Vera, Vorzel/Kiev/Toulouse


The beginning of the war did not take me by surprise — the impending disaster has been hanging in the information space since at least January. In February I did everything, except that she didn’t make a will. I went to the hairdresser and salon beauty. I called all my friends — I promised someone something and didn’t give it back. As a woman with a Soviet past, she paid for an apartment.

When I woke up at their place the next day, the first thing I did was call my fellow evacuees.

The cat was the most lucky, she got a carrier, a leash and a collar. And yet, I didn’t know exactly what to expect.

February 24 was canceled for me a trip to the Borodyansky animal shelter, followed by trips to work, commuter train flights and communication with Kiev — bridges were blown up, and entrances were blocked. On February 27, the first house on our street was on fire. And on the 28th, a shell had already destroyed my entrance. Now I understand the expression “death has come.” A minute ago I was on the phone, and now the windows are flying out, the house is falling apart, I am carried out into the corridor. I run into the bathroom, 10 I stand for a few minutes, pressed against the wall. The voice of my neighbor brings me out of my stupor:”It seems that our roof has been blown off.” I go out and see: and there is. The facade of the house looks like a sieve, instead of the 3rd floor – a funnel. Fortunately, everyone is alive,there was no one inside.

From that moment on, life finally entered a military rut. The situation was developing so fast that I could hardly keep the roof going in all directions. Once — and we are without a home. Two — without light, gas and water. Three — all gas stations are blown up, and a friend can’t buy gasoline for all the money in the world to take her family out.

During the first week of the war, I moved twice: first to my neighbors in OSBB [ukr.”ob’ednannya spivvlasnikiv bagatokvartirnogo budinka” — association
of owners of an apartment building], then to friends at the other end Vorzel. We were saved by the humanitarian corridor and human nobility.
When the evacuation was announced, everyone understood that they had to leave. But they didn’t know how. There are three adults, three children, a shepherd, a black terrier, two cats, a parrot and a hamster in the house. They won’t take animals on the bus, the car is standing without fuel. And then a woman comes from the next street. They were leaving for two cars, the third was refueled in the garage. She just gave us the keys to the third car, a Mazda. How we all fit in there is a separate story. For another week I dreamed about the mouth of the Abbot’s terrier, who tried to devour my cat on the road.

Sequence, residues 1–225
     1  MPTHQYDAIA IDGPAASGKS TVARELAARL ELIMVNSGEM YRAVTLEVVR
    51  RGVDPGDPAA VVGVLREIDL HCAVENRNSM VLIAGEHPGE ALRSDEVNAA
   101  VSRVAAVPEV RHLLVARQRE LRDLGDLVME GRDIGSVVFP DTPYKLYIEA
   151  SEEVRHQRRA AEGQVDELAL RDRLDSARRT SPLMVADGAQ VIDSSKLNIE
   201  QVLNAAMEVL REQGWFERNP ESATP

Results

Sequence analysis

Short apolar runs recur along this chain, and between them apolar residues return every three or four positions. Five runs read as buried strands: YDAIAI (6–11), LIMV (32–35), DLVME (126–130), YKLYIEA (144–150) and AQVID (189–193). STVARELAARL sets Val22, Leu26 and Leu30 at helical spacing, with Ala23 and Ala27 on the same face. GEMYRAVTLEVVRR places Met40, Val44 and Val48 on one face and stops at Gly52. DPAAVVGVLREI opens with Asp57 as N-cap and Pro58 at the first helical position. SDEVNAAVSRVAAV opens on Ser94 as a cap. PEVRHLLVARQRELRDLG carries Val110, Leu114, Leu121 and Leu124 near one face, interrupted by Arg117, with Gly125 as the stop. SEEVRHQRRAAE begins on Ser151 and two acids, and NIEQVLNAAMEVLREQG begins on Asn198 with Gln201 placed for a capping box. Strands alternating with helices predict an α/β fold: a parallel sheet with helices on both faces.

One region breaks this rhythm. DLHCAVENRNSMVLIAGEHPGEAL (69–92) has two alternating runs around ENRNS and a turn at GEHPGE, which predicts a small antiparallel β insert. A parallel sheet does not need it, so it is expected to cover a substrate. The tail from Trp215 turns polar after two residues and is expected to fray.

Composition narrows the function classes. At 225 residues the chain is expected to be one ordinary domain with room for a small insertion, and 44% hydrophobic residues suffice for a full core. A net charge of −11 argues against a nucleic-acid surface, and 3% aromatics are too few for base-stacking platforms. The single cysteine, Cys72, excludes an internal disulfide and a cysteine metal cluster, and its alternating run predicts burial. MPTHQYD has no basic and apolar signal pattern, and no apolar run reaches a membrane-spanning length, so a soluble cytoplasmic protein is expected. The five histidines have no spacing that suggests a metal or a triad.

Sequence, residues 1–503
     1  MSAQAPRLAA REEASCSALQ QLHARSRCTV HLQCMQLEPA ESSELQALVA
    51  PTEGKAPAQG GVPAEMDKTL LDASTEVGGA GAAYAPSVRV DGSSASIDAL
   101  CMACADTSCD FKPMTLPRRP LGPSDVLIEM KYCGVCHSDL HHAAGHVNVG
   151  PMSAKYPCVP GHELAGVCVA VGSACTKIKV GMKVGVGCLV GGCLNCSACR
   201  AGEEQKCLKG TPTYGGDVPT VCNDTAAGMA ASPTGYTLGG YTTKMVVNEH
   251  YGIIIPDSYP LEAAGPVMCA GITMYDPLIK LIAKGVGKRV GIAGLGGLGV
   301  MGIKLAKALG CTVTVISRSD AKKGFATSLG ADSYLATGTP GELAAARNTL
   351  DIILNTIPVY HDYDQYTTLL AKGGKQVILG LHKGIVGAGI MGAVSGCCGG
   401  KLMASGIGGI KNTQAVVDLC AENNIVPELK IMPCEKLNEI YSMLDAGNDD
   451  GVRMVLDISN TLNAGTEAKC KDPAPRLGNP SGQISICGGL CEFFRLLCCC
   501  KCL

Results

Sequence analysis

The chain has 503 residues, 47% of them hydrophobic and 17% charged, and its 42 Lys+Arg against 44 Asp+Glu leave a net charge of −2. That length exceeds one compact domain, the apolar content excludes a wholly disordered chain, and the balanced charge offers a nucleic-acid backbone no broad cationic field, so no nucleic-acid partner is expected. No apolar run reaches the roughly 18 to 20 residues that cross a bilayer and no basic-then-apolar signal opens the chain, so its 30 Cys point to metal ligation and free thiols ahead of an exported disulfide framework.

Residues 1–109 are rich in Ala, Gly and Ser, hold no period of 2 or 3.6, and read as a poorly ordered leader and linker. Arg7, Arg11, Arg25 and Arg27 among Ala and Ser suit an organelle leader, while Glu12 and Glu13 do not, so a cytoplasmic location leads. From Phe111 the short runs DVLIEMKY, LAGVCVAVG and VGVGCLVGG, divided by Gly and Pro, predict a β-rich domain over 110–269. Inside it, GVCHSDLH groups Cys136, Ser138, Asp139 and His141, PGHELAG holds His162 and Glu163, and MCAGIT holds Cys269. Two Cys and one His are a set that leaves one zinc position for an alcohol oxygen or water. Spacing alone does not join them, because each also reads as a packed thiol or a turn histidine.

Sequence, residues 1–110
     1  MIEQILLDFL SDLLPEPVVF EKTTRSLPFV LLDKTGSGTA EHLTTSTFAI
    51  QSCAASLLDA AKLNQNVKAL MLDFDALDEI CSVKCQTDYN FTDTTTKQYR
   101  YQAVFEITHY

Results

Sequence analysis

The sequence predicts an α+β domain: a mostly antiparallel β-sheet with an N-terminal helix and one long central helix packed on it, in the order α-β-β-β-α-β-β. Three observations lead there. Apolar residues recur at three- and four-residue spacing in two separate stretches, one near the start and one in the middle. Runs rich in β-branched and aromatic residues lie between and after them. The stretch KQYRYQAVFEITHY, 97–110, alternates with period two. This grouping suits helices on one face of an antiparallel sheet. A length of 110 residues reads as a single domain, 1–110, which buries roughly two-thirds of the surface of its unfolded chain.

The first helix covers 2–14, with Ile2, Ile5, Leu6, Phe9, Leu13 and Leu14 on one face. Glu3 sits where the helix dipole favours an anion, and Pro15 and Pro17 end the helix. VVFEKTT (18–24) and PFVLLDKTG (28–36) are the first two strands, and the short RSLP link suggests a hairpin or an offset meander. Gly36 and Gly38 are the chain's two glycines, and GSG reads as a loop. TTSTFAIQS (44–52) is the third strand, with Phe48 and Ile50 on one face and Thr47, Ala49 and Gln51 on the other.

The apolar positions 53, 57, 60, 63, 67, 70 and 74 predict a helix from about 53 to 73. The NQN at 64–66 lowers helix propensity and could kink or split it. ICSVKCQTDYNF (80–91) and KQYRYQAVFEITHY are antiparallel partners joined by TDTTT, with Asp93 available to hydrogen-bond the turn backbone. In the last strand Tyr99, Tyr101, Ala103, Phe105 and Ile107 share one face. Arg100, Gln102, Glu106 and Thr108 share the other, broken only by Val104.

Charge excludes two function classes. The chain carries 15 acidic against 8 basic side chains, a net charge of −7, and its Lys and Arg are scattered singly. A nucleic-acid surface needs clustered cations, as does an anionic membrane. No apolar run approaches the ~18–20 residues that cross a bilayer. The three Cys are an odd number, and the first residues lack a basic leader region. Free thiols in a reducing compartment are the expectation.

The distance that we usually they drove in 25 minutes, the gumconvoy took 10 hours. Thanks to everyone, we were not fired upon, we were not asked a single question why we violate curfew, at half past midnight heading to the center of Kiev. From friends there was a sister there, and I have friends who live near Khreshchatyk.

When I woke up at their place the next day, the first thing I did was call my fellow evacuees. It turned out that by 11 in the morning only a sister with
Vorzel animals remained in Kiev. The rest went by car at dawn through Poland to Spain. I was supposed to pick up the children from Barcelona by bus
the Spanish school where they studied online. A Kiev grandmother was taken to the place freed from the animals, who had a nervous breakdown from everything she had experienced. She spent three weeks in a Polish hospital, and only after that everyone was able to move on. Bus from Barcelona them, naturally, I did not wait, so now the whole company is on Tenerife.

I correspond with them from Toulouse, which was not part of my plans at all. On a Ukrainian salary, I could afford one day in Paris, this is at best. If not for the activity of my social department companies, I don’t even know where I would write this post. I found it in two days bus Kiev-Krakow, volunteers from France responded, they gave me a map of movement in Europe.

Now I have temporary protection in France for six months. There is everything you need and even the opportunity to work online. It is very difficult to talk about returning. Vorzel is “freed” from everything normal at least until autumn. Restoration of the apartment and entrance — this is an even longer time. I reassure myself that this is just a move.For a time that just hasn’t been determined yet. I read the news in the morning from Ukraine and I remember the classic: “Everything will pass.” I repeat this as a mantra and hope for the best

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Nastya Krasilnikova

Nastya Krasilnikova’s channel about women and their rights.

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